C5a-licensed phagocytes drive sterilizing immunity during systemic fungal infection

Jigar V. Desai, Dhaneshwar Kumar, Tilo Freiwald, Daniel Chauss, Melissa D. Johnson, Michael S. Abers, Julie M. Steinbrink, John R. Perfect, Barbara Alexander, Vasiliki Matzaraki, Brendan D. Snarr, Marissa A. Zarakas, Vasileios Oikonomou, Lakmali M. Silva, Raju Shivarathri, Emily Beltran, Luciana Negro Demontel, Luopin Wang, Jean K. Lim, Dylan LaunderHeather R. Conti, Muthulekha Swamydas, Micah T. McClain, Niki M. Moutsopoulos, Majid Kazemian, Mihai G. Netea, Vinod Kumar, Jörg Köhl, Claudia Kemper, Behdad Afzali, Michail S. Lionakis*

*Corresponding author for this work
5 Citations (Scopus)

Abstract

Systemic candidiasis is a common, high-mortality, nosocomial fungal infection. Unexpectedly, it has emerged as a complication of anti-complement C5-targeted monoclonal antibody treatment, indicating a critical niche for C5 in antifungal immunity. We identified transcription of complement system genes as the top biological pathway induced in candidemic patients and as predictive of candidemia. Mechanistically, C5a-C5aR1 promoted fungal clearance and host survival in a mouse model of systemic candidiasis by stimulating phagocyte effector function and ERK- and AKT-dependent survival in infected tissues. C5ar1 ablation rewired macrophage metabolism downstream of mTOR, promoting their apoptosis and enhancing mortality through kidney injury. Besides hepatocyte-derived C5, local C5 produced intrinsically by phagocytes provided a key substrate for antifungal protection. Lower serum C5a concentrations or a C5 polymorphism that decreases leukocyte C5 expression correlated independently with poor patient outcomes. Thus, local, phagocyte-derived C5 production licenses phagocyte antimicrobial function and confers innate protection during systemic fungal infection.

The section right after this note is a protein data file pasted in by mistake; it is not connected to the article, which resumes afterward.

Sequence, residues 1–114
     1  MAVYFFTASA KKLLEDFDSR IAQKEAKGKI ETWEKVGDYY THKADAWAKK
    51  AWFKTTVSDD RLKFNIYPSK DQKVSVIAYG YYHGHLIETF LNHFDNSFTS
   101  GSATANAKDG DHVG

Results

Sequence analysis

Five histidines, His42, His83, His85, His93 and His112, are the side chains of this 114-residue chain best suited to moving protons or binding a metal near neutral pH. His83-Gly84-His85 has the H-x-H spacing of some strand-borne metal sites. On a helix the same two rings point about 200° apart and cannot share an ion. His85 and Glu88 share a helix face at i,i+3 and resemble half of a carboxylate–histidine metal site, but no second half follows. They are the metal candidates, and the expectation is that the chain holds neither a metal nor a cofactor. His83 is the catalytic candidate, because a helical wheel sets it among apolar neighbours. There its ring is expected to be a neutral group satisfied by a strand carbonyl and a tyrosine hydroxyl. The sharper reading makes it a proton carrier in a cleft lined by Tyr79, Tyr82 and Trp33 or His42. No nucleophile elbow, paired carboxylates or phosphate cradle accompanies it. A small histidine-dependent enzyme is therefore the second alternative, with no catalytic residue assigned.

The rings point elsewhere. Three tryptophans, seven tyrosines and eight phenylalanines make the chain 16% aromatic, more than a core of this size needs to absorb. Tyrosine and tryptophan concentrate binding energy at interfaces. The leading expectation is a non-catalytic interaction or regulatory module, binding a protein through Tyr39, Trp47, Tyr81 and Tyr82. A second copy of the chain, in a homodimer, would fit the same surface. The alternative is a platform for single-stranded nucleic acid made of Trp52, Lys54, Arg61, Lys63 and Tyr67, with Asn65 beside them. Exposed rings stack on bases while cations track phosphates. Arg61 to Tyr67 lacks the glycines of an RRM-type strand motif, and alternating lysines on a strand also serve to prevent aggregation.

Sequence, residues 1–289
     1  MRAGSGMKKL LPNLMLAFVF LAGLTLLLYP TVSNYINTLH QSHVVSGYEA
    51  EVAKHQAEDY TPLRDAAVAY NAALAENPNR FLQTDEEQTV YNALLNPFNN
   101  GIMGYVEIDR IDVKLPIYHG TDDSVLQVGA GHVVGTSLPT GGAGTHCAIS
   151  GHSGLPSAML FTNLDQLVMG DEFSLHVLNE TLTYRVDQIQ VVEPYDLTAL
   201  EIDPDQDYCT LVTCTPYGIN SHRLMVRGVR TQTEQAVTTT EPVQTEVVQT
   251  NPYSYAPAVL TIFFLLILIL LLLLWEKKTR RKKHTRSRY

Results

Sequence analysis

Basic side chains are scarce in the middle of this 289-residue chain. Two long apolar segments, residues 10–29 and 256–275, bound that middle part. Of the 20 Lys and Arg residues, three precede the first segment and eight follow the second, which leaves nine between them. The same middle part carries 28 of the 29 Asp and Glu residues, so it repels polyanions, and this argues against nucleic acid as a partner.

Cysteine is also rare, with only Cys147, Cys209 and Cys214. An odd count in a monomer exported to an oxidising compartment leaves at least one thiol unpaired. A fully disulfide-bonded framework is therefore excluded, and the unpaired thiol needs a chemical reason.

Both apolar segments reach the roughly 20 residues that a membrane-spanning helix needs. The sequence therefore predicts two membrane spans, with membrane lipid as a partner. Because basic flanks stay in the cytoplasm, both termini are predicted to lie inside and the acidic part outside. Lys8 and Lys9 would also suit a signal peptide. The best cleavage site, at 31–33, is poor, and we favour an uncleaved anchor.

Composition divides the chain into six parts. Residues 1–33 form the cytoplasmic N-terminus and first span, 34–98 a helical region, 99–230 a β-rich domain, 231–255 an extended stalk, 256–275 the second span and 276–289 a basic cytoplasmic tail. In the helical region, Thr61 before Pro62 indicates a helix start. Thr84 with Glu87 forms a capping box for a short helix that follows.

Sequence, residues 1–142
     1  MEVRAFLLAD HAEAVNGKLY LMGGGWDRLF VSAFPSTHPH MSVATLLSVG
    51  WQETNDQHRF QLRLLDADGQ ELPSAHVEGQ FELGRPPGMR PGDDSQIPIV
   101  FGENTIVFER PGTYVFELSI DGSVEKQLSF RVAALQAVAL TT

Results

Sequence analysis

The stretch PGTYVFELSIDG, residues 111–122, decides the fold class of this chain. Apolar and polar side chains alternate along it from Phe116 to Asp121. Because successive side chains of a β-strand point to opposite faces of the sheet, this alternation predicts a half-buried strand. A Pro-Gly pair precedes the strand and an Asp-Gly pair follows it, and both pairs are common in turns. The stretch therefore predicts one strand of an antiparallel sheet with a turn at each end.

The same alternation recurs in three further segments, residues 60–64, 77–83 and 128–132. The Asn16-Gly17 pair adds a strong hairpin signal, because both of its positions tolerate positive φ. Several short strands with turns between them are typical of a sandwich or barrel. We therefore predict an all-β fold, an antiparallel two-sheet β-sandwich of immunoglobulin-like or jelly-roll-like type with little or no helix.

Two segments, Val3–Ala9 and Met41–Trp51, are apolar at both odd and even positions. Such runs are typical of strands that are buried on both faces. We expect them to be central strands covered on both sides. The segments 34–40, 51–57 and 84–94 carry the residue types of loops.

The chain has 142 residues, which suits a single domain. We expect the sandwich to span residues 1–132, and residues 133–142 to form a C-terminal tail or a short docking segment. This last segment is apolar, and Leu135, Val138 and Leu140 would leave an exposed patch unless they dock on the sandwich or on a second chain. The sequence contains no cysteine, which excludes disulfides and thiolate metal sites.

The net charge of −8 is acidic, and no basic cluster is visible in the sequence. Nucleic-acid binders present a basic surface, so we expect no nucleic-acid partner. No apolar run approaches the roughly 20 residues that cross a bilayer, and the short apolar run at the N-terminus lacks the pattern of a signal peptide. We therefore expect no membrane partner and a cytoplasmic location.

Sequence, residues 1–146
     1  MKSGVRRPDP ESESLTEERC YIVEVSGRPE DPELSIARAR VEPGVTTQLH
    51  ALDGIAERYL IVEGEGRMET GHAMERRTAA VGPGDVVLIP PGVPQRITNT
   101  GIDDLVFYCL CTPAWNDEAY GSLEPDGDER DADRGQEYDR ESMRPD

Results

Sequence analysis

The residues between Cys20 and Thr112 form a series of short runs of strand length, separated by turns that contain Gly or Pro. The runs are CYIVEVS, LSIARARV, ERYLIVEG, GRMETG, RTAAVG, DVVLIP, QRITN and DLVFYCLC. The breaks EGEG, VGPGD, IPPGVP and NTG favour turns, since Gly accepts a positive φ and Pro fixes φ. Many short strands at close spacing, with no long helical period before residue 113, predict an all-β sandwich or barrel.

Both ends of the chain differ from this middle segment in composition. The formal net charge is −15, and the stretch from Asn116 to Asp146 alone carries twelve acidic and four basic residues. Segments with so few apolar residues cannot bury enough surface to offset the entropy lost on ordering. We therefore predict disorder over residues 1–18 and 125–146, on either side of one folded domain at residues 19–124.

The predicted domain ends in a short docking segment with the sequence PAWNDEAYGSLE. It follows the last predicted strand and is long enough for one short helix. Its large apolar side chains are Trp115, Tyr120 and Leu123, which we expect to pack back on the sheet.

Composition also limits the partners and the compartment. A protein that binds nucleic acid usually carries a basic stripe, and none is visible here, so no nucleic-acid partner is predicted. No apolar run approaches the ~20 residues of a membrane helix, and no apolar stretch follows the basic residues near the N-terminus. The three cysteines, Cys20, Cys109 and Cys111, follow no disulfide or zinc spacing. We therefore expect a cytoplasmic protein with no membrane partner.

Original languageEnglish
JournalCell
Volume186
Issue number13
Pages (from-to)2802-2822.e22
ISSN0092-8674
DOIs
Publication statusPublished - 22.06.2023

Research Areas and Centers

  • Academic Focus: Center for Infection and Inflammation Research (ZIEL)

DFG Research Classification Scheme

  • 204-05 Immunology
  • 205-22 Clinical Immunology and Allergology

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